At our celebration of the Eucharist on Easter Day we will hear, as we always do, the account from John’s gospel of the discovery of the empty tomb and a first encounter with the risen Lord (John 20.1-18). He tells how Mary goes early in the morning to complete, what the disciples could not complete because of the Sabbath, the burial ceremonies for Jesus, or perhaps she goes simply to spend a little time with her thoughts in the quiet of the early morning.
John brilliantly gives us a sense of the panic in Mary’s mind as, finding the stone rolled away and the tomb empty, Mary runs to find Simon Peter and tells him, They have taken the Lord out of the tomb and we don’t know where they have put him. Continue reading “The Lord is risen indeed!”
Prayer is a tricky business. Or at least so it would seem from conversations that I’ve had with other Christians, with people on the fringe of Church life and non-Christians who challenge me about it. And, if I’m honest, it can be a bit of tricky business for me too. And lots of teaching on prayer appears designed to make us feel guilty about it.
And because so many of us find it tricky, we also find that it becomes a source of guilt and anxiety for us. We don’t feel that we pray for long enough or often enough; or we don’t pray well enough; we don’t know what to pray about; our prayer is too formulaic and stale, lacking variety and inspiration; we get too easily distracted; and everybody else seems to do it better than me. You probably have your own anxieties that you could add to the list. Continue reading “When you pray, say …”
The words the true meaning of Christmas crop up quite a lot at this time of year. Often they’re heard when someone is bemoaning the rampant commercialism and consumerism that accompanies the run up to Christmas. And then again you hear them when someone is complaining that the Christmas promotions in the shops in the high street and the advertisements on television appear to start earlier and earlier each year. You hear them when someone takes exception to the over-the-top Christmas decorations which some people put up outside their homes.
On the other hand, in an almost opposite case, you will hear them spoken when we hear of a local council or business “cancelling” the Christmas party or refusing to display Christmas decorations or preferring instead a “non-religious” alternative because the celebration of such an overtly Christian festival might offend people of another faith, or none. Continue reading “The True Meaning of Christmas”
My father was a wandering Aramean (Deuteronomy 26.5). These words are a reference to Jacob. His grandfather Abraham lived a nomadic lifestyle. He drove sheep and wandered from place to place, setting up camp where he found good pasture. Sometimes he stayed for a short time and sometimes he remained for weeks, months or even years. But nowhere did he settle long enough to call it home. His son Isaac and his grandson Jacob (who was renamed Israel) lived this same nomadic lifestyle. In this way they accumulated great wealth but called nowhere home.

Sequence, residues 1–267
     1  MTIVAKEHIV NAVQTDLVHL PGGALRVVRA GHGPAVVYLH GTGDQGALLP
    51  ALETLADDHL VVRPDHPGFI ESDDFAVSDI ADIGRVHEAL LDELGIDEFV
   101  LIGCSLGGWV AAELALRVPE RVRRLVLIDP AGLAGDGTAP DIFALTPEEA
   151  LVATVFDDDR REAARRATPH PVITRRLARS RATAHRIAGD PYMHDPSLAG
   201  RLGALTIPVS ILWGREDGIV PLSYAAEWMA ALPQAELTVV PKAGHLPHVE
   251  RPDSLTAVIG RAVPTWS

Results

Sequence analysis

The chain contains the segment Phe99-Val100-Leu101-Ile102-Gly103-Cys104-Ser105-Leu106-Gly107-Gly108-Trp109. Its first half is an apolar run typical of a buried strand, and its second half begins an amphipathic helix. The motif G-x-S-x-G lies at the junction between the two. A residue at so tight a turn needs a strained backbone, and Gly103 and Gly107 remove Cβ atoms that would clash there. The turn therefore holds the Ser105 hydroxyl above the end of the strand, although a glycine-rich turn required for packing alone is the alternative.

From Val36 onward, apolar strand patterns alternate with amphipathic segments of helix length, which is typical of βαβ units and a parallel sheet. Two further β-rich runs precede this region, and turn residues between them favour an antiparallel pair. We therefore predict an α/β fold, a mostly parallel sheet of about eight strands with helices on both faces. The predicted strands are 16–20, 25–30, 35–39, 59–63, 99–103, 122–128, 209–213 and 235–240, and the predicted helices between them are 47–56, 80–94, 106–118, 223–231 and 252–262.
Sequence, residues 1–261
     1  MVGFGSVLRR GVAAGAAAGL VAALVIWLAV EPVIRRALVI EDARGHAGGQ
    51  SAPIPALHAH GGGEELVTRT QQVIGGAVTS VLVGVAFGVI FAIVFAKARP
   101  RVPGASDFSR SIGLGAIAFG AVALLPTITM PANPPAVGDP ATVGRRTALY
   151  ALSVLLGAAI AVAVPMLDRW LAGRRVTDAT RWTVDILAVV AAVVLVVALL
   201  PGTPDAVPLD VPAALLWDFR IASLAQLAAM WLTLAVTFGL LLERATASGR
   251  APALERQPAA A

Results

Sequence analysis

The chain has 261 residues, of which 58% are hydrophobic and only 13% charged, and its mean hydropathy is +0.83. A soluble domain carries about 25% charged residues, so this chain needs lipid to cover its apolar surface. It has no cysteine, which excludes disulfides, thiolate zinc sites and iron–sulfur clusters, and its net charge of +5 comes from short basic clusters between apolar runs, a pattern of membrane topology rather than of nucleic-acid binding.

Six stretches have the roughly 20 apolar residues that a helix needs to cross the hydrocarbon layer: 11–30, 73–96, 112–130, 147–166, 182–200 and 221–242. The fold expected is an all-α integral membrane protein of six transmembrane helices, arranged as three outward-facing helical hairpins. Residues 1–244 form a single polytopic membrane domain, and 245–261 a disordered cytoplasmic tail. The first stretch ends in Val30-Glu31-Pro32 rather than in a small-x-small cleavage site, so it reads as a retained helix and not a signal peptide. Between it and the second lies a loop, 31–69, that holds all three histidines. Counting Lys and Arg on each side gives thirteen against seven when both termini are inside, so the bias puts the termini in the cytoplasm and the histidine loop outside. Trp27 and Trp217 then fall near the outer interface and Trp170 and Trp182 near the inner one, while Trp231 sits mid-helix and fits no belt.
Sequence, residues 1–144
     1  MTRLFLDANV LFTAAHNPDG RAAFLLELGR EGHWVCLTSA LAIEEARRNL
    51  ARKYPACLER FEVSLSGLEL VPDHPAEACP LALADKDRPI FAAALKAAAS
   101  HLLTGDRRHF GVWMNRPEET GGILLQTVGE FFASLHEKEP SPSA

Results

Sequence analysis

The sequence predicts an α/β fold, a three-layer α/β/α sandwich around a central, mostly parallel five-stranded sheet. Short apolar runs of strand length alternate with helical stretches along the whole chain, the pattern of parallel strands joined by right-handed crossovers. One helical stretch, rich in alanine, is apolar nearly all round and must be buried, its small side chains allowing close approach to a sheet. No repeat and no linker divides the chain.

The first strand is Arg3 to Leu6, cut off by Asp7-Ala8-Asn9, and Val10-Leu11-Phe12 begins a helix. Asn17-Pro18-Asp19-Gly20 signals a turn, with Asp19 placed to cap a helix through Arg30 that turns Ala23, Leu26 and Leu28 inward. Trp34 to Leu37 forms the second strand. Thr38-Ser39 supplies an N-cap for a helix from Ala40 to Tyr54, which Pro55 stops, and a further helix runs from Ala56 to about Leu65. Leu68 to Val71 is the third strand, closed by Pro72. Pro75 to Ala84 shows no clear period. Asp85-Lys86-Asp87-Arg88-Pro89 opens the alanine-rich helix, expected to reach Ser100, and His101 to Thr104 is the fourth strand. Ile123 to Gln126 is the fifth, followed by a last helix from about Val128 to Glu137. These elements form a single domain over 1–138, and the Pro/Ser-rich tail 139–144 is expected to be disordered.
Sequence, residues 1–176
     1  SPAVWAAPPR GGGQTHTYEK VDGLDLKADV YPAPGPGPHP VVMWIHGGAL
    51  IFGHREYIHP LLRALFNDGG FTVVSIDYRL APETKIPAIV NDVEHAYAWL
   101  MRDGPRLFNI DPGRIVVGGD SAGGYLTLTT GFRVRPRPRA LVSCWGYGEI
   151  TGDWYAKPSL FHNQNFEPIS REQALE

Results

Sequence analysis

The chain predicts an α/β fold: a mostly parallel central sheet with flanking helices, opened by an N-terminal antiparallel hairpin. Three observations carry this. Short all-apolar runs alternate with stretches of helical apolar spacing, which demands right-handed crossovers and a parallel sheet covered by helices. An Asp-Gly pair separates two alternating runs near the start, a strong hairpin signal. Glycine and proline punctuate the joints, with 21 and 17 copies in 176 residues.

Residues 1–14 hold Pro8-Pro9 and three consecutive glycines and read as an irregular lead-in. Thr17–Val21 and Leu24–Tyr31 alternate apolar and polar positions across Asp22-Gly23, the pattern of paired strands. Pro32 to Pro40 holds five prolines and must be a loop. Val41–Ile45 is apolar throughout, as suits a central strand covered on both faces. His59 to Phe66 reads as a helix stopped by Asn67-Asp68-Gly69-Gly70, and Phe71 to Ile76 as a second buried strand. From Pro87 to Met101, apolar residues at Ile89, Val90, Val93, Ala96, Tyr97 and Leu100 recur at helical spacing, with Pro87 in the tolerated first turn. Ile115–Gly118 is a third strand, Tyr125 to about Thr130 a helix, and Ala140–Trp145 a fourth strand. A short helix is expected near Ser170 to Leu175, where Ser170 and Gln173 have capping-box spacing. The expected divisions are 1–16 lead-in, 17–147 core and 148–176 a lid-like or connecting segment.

But they travelled always with a promise. God had made a covenant with Abraham in which he promised that Abraham would be the father of nations (it’s what his name means) and that God would provide him with a homeland and that his descendants would become a people beyond counting and a blessing to the world. Continue reading “My Father was a Wandering Aramean”
The fact that you’re reading this suggests that the “Rapture” did not take place as scheduled on 21st May. But then, I don’t suppose that you thought it would. Neither did I.
The whole idea of the rapture grows out of a particular way of reading the bible. The idea that scripture can be read in such a way as to make it possible to predict the date of the Second Coming requires an especially literal understanding of the text.
Such an understanding of scripture is remarkably modern. Certainly those who wrote the books of the bible would be surprised, and perhaps a little amused, that people would try to make sense of the stories in this way. Of course, believing that things are either literally true or untrue is very modern way of looking at things. And today we are not used to handling texts that give what look to us like factual accounts of events as if there might be a different way of understanding them. We may still like metaphors as a literary device in a piece of descriptive writing or in a poem but we are not at all comfortable with an extended text which we need to understand metaphorically. And so we fall into the trap of interpreting the bible as if its reliability were simply a case of black or white. Continue reading “In Raptures”